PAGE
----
The sailing vessel Cannibal has a leaking hull. The captain (Rock Hudson) reluctantly changes course for Honolulu, where one passenger (Cyd Charisse) is wanted by the law. The water rising, everyone struggles against nature to survive.
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Having seen better days, the sailing vessel Cannibal sets out for Mexico from the south Pacific with a leaking hull. The captain (Rock Hudson) is haunted by a tragedy that happened on another ship under his command. Believing the vessel to not be seaworthy, the crew pleads to change course for Honolulu. Being wanted there in connection with a man's death, a passenger (Cyd Charisse) wants to avoid Honolulu. As the water rises in bilge, the passengers and crew struggle against nature to survive.
The "Albatross", the boat used in the film, was owned by Ernest K. Gann, the author of the novel and the screenplay. He sailed her from California to the South Pacific, where he cruised extensively. His account of the voyage is written in two of his non-fiction books: "Song of the Sirens" and "A Hostage to Fortune". See more »
This is a very remarkable film. Don't be misled by my rating of 7/10. I'm a harsh grader. On usual accepted critique methods, this is just about an "ultimate" film. Unlike the "safe" movies that people like to think of as "risk taking", this is an ultimate "risk taking" venture. It's obviously too iconoclastic for most of the rich kids on IMDb, safe in their snug cubicles.
And i understand the annoyance one would feel with this film. I feel it, too. I like "cut and dry" stories. This film is full of so many loose ends, that in spite of being set in the scenic Pacific ocean on a beautiful ship, it is the exact opposite of "escapism".
This is a very adventurous drama for the lack of violence involved. It is a drama, but it is cleverly handled. Take it off the slowly sinking ship in the ocean, and you have a stage fare. The two leads get most of the attention, but all of the characters are explored. Not only are they all very three dimensional and likable, including the bad guy, but they are almost "four dimensional". Each of these roles are mouth watering to any thespian.
Whenever you begin with a ship named "Cannibal", you know you're also dealing with symbolism. The symbolism of the written word, of a book I did not read, is far better depicted in this film than one would expect. Perhaps the character of the reverend is the ultimate symbol of Faith. Don't expect the usual hypocrite you see in most movies. Like I said, this is too iconoclastic for anything that obvious. All of the characters have more to them than meets the eye, with the probable exception of our two macho male shipmen, the young captain and his charismatic older helmsman. The world is seen mostly through their honest eyes of hard working men. The older, wiser one has seen it before. The captain is at a stage in life when he thinks he is a cynic, but is still fairly naive about people.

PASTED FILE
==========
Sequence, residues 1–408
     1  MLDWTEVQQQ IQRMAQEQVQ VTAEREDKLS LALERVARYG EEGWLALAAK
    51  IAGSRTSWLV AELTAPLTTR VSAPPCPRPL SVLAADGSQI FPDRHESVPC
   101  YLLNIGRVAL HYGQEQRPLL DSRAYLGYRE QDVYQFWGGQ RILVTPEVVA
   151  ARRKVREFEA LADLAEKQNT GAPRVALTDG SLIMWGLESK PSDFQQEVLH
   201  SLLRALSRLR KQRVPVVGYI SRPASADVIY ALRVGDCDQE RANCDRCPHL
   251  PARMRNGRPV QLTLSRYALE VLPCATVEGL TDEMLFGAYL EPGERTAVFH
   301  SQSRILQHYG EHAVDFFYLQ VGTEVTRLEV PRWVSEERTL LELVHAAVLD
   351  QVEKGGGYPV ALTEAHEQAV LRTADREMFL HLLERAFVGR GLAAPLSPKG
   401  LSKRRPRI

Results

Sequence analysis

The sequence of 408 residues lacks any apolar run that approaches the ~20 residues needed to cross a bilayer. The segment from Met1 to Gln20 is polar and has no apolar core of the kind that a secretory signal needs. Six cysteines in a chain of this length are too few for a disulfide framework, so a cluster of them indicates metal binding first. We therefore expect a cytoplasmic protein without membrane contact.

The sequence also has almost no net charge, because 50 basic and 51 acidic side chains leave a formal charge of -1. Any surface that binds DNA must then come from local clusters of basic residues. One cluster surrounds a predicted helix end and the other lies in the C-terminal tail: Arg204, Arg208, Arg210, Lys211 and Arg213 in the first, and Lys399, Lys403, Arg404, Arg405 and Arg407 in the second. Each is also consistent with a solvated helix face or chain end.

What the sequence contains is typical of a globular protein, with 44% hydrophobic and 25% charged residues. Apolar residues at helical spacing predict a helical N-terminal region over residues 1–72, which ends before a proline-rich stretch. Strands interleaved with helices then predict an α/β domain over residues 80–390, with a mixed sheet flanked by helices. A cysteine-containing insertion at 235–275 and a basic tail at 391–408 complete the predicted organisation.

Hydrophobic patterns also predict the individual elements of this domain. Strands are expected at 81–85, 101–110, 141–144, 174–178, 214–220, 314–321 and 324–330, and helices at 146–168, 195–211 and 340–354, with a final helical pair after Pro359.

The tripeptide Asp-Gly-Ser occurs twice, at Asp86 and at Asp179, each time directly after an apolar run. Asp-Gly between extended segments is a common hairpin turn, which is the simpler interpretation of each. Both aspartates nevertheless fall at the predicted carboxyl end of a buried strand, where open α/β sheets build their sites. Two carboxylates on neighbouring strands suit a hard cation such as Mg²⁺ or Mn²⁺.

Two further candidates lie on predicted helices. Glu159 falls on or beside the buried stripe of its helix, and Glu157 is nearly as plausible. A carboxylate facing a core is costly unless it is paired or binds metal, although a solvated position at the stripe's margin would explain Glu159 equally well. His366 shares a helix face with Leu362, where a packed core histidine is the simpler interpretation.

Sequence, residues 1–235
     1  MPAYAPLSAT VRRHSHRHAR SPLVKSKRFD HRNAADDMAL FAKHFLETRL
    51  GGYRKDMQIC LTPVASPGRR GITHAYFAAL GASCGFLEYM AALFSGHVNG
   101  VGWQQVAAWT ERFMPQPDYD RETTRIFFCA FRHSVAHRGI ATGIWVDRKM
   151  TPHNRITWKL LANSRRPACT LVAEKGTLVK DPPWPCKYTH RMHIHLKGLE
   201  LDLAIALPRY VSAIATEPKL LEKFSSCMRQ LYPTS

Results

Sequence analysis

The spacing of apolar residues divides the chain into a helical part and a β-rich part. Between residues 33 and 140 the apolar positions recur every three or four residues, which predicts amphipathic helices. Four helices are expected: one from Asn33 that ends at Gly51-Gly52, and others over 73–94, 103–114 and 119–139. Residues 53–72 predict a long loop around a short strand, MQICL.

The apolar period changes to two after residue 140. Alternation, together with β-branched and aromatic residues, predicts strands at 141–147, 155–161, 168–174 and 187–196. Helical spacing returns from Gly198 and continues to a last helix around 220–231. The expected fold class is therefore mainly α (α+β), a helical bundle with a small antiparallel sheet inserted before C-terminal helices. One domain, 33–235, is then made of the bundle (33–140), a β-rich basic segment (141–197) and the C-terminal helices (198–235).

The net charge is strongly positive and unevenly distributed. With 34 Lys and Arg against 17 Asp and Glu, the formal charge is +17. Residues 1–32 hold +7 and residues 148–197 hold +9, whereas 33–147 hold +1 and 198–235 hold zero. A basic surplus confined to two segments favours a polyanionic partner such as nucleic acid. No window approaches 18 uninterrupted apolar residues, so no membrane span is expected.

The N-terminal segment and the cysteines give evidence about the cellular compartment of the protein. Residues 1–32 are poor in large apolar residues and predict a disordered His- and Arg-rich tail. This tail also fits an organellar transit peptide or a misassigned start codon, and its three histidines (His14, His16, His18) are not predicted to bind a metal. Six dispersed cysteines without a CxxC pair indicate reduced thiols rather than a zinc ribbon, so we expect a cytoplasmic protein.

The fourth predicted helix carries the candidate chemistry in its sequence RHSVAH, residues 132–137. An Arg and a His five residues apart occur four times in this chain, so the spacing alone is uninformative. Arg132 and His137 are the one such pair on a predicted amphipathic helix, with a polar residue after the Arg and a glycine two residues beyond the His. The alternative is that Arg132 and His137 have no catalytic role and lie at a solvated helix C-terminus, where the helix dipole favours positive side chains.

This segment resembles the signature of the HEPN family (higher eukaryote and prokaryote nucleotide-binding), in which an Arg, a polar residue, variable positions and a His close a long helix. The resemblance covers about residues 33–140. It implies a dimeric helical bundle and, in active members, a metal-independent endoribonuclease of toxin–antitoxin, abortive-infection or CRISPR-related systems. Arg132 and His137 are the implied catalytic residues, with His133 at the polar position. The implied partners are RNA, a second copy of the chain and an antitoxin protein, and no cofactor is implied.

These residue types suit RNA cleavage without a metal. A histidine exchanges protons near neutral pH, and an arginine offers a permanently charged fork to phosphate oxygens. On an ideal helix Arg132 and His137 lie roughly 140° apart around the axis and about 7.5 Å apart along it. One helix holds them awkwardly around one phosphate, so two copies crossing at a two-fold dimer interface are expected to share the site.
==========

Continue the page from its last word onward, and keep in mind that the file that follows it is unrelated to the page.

Which may be why Hudson was allowed to play the role. On the surface, he appears a mismatch for a role you'd expect Bogie in, or perhaps cast member Kennedy. However, the contrast of not being what one appears was set in our director's mind. He could easily have added scars, whiskers, and pot marks to our captain, but it was on purpose that we see the glamorous duo of our two gorgeous leads feel like they appear rugged, while all the time being untainted by the world. To their credit, they do a great job of conveying this feeling. One looks and sees Rock Hudson in a role that doesn't become him, but that's because the role doesn't become the character. He is a clean soul being put through the wringer of an unclean world.
There is a sad scene which is designed to make strong men cry and women gasp. It is very effective. But then this entire film is very effective.
So why do I only rate it 7/10? Honestly, I like the "cut and dry" escapism, and would rather see all the facts be known. But this is a "reality" piece. Perhaps I am not strong enough for complete reality. For instance, our hero is left dangling about the truth over whom to trust, and puts it in Faith to trust the right person. This is very realistic, but it is totally annoying to watch, when we are bursting to have it be known.
But that's why it is not revealed to our character. There are many other examples of "loose ends", such as a former airman never confronting a braggart who falsely claims to be an ex-pilot. It is never brought up again.
A few loose ends I could handle, but this is stark reality. There are many loose ends. This is a "mature" piece, designed to help us "mature" into serenity.
This is why I set it down one notch, out of my own desire for escapism. The film does what it sets out to do. The directing is excellent.
I do set it down two notches for the ending, which I did not buy. Our hero makes a huge, needless sacrifice, which is meant to be attributed to his idealism, but which leaves him pretty much penniless, which is a condition he'll stay in while he waits for a date two years later with the heroine. I felt it didn't belong in this realistic piece, and while I could forgive the "letdown" ending as part of realism, this was a Hollywood ending that just added to the annoyance.
Still, because of its iconoclastic nature of escapist scenery mixed with realism few could endure, I highly recommend this piece. It is a showcase for directing, writing, and cinema. Viewed alone, or with others, this is a very remarkable work.
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